Big MO, I think, is stuck until the spin-off happens at the end of next month. Oh, it ticks up and down but hasn’t really went anywhere for days. If there is some kind of run going into the record date (March 16th) for the spin I might be inclined to sell, but it would have to be a run. I am thinking that it would have to be in that $95 - $100 range and I am just not seeing that happen, but who knows.

I am setting with plenty of margin ability and no place to put it. Would love to put it to work, just nothing I have come across looks too interesting. With the Dow having a rough time the past few days I am in no big hurry but don’t want to let a good trade go unnoticed either. Recently there seems to be more articles and talking experts opining that a correct is due. Is it that a correction is due or a case of group think or people just getting out in front with a little CYA in case something does happen or something else entirely? Perhaps a continuation of the “Big Guys” conspiracy to rip the shares from the “little individual investor” at rock bottom, panic induced prices right before “they” let the Dow return to its record setting ways? It couldn’t really be that…right?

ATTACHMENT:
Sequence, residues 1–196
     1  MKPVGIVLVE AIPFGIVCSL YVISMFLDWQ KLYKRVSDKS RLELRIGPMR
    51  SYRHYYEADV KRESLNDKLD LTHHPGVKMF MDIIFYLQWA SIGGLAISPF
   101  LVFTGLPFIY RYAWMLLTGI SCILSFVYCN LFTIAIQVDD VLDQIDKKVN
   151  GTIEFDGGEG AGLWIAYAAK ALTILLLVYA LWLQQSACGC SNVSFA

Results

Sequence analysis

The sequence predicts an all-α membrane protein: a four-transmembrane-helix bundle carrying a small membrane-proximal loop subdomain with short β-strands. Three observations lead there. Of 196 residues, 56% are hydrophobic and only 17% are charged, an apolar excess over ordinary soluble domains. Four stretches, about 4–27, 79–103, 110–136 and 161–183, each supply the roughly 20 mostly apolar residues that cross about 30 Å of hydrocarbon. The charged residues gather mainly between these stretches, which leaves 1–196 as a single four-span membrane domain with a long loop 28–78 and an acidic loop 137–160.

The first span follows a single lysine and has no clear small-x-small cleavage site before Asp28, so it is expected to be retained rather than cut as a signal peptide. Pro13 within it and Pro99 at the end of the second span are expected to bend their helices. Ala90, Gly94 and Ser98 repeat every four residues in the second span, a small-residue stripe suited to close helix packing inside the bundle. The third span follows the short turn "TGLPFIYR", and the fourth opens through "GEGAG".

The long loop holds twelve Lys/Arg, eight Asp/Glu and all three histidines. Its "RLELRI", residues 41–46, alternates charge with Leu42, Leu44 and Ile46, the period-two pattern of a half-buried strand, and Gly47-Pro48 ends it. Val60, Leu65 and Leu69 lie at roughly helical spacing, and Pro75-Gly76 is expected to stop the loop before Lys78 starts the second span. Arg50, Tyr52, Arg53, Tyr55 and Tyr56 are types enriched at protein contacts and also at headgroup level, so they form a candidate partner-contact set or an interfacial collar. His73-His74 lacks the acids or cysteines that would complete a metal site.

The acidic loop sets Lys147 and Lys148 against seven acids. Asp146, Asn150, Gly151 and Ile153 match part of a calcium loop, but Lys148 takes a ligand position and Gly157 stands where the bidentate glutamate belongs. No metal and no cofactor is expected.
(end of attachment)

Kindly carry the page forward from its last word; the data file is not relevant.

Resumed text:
That’s it for today. Here’s to not losing sight of the big picture and to keeping an eye on your EveryDay Money.

Friday, February 23, 2007

Linus has a blanket I have Philip Morris

Off and on, over the years, I run back to Philip Morris and stick shares of them in my trade account. My shares of MO that have been running with the DRIP I have never touched or even really thought about selling. But the shares that occasionally show up in my trade account are just that, trading shares of MO. Like Linus’ blanket I tend to hold Philip Morris shares when I have cash and I am unsure what to invest it in. The comfort comes from having followed MO, through good and bad, for over 15 years. Well that and the nice dividend that seems to have the consistency of time itself.